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Voluntary student unionism (VSU), as it is known in Australia, or voluntary student membership (VSM), as it is known in New Zealand, is a policy under which membership of – and payment of membership fees to – university student organisations is voluntary.
Australia passed legislation enacting VSU in 2005, which came into force on July 1, 2006. Forms of VSU in Australia had been law in the state of Western Australia from 1994 until 2002, and in Victoria from 1994 to 2000.
Arguments for and against VSU typically fall into three broad categories: civil rights impacts, social impacts, and economic impacts.
Requiring membership of student organisations is seen by some as a form of forced unionisation, contrary to freedom of association. Alternatively it may be seen as being required to belong to a professional organisation, in which case it would merely be a means of ensuring standards.
Opponents of VSU argue that it silences students' voices by removing universal membership of a student organisation.
A common thread in the argument against VSU is the notion of a campus culture, or the university experience. University has traditionally been a time of broadening horizons, socialising, and political activism. Opponents argue that VSU makes it more difficult for students to have high quality sports grounds, lively music and social venues, and the resources necessary to mount protests and political campaigns, leading to moribund campuses. This was a view expressed by Senator Barnaby Joyce. Proponents counter that the free-market system rewards venues and establishments which students enjoy and value, and that it lets students choose their own level of contribution to a political cause.
Student Unions charge anywhere between $0 and $300 per year for membership. Levying of fees is criticised by some on the grounds that it is financially onerous, particularly to students who may already be struggling with the associated costs of university study. Others cite that the associated financial benefits of robust representation provided by students' associations result in lower fees and higher quality of educational experience for students.
Although universities and student unions each had their own rules, students generally were required to become a member of their campus student organisation automatically upon enrolment. A fee for student services or amenities was charged to students, typically once a semester, once a year, or in a lump sum upon enrolment. This fee was typically collected by the university, which usually took a portion in collection fees and passed the rest to campus student organisation(s). These organisations then distributed the money according to their own rules.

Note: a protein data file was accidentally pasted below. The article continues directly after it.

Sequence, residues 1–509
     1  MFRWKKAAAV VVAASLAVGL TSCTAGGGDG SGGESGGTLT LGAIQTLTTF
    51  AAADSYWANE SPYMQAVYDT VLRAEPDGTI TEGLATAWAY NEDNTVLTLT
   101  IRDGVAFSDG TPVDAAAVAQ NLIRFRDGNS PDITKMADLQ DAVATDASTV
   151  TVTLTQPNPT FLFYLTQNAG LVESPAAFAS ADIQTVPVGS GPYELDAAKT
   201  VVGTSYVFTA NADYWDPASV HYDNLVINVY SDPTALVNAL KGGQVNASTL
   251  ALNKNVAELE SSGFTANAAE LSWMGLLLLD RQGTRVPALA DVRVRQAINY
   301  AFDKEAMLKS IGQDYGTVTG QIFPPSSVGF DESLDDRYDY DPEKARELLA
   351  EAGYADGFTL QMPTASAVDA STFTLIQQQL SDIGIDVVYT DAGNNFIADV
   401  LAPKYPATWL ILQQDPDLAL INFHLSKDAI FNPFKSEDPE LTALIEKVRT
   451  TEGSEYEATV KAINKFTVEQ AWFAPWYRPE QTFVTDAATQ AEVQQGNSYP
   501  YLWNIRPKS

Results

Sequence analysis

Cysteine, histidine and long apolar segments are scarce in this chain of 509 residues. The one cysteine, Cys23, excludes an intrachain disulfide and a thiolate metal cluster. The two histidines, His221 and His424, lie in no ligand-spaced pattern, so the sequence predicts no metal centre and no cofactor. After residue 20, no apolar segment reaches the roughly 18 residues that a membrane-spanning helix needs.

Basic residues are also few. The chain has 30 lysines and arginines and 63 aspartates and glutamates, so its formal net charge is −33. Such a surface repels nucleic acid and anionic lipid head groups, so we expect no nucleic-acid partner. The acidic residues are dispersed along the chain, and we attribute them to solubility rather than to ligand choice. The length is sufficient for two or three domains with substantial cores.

On 9 December 2005, the Higher Education Support Amendment (Abolition of Compulsory Up-front Student Union Fees) Bill 2005 was passed in the Senate, and received the Royal Assent on 19 December 2005. Since 1 July 2006, Australian universities have faced fines of A$100 per student for compelling payment for any non-academic good or service.
Many student organisations opposed VSU, expressing concern about their ability to provide social, academic, and political services under VSU as well as meet long-term financial commitments without guaranteed revenue streams.
Australian universities, as represented by the Australian Vice-Chancellors' Committee (AVCC), were generally in support of membership and compulsory fees for student organisations for three broad reasons. First, they prefer to leave service provision in the hands of students; second, the activities associated with campus organisations help to market the universities to prospective students; and third, they view student unions as valid representative bodies.
The Australian National University, the University of New South Wales, the University of Sydney, the University of Queensland, the University of Newcastle and the University of Adelaide have provided funding to their respective student unions, subject to various conditions.
Compulsory student organisation membership was initially accepted as uncontentious by all political persuasions. By the 1970s, the overtly political nature of the Australian Union of Students, which ran a number of overtly progressive campaigns (for example, in support of the Palestine Liberation Organization), led to a conservative minority within that organisation to call for voluntary student organisation membership.